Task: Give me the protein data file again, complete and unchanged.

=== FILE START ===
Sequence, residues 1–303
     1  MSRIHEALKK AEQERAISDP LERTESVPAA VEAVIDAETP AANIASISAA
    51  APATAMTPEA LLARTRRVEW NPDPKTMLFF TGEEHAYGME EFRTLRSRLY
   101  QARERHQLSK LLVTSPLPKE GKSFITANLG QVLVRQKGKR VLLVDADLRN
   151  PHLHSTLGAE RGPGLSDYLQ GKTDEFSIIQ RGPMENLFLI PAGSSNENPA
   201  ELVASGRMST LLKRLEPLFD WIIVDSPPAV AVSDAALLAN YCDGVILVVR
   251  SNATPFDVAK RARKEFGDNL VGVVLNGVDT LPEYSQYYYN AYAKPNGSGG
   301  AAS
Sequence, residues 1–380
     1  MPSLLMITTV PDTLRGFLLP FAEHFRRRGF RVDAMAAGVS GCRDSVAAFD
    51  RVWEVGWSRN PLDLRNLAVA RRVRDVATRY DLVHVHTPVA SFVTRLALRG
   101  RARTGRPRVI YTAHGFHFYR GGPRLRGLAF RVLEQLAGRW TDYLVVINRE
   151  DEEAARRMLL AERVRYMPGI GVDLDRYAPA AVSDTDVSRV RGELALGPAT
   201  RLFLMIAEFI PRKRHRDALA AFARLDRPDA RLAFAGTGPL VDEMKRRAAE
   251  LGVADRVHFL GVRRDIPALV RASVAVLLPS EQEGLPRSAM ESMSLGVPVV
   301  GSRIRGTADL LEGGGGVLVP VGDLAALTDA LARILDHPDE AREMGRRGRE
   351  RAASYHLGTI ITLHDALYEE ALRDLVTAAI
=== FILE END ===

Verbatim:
Sequence, residues 1–303
     1  MSRIHEALKK AEQERAISDP LERTESVPAA VEAVIDAETP AANIASISAA
    51  APATAMTPEA LLARTRRVEW NPDPKTMLFF TGEEHAYGME EFRTLRSRLY
   101  QARERHQLSK LLVTSPLPKE GKSFITANLG QVLVRQKGKR VLLVDADLRN
   151  PHLHSTLGAE RGPGLSDYLQ GKTDEFSIIQ RGPMENLFLI PAGSSNENPA
   201  ELVASGRMST LLKRLEPLFD WIIVDSPPAV AVSDAALLAN YCDGVILVVR
   251  SNATPFDVAK RARKEFGDNL VGVVLNGVDT LPEYSQYYYN AYAKPNGSGG
   301  AAS
Sequence, residues 1–380
     1  MPSLLMITTV PDTLRGFLLP FAEHFRRRGF RVDAMAAGVS GCRDSVAAFD
    51  RVWEVGWSRN PLDLRNLAVA RRVRDVATRY DLVHVHTPVA SFVTRLALRG
   101  RARTGRPRVI YTAHGFHFYR GGPRLRGLAF RVLEQLAGRW TDYLVVINRE
   151  DEEAARRMLL AERVRYMPGI GVDLDRYAPA AVSDTDVSRV RGELALGPAT
   201  RLFLMIAEFI PRKRHRDALA AFARLDRPDA RLAFAGTGPL VDEMKRRAAE
   251  LGVADRVHFL GVRRDIPALV RASVAVLLPS EQEGLPRSAM ESMSLGVPVV
   301  GSRIRGTADL LEGGGGVLVP VGDLAALTDA LARILDHPDE AREMGRRGRE
   351  RAASYHLGTI ITLHDALYEE ALRDLVTAAI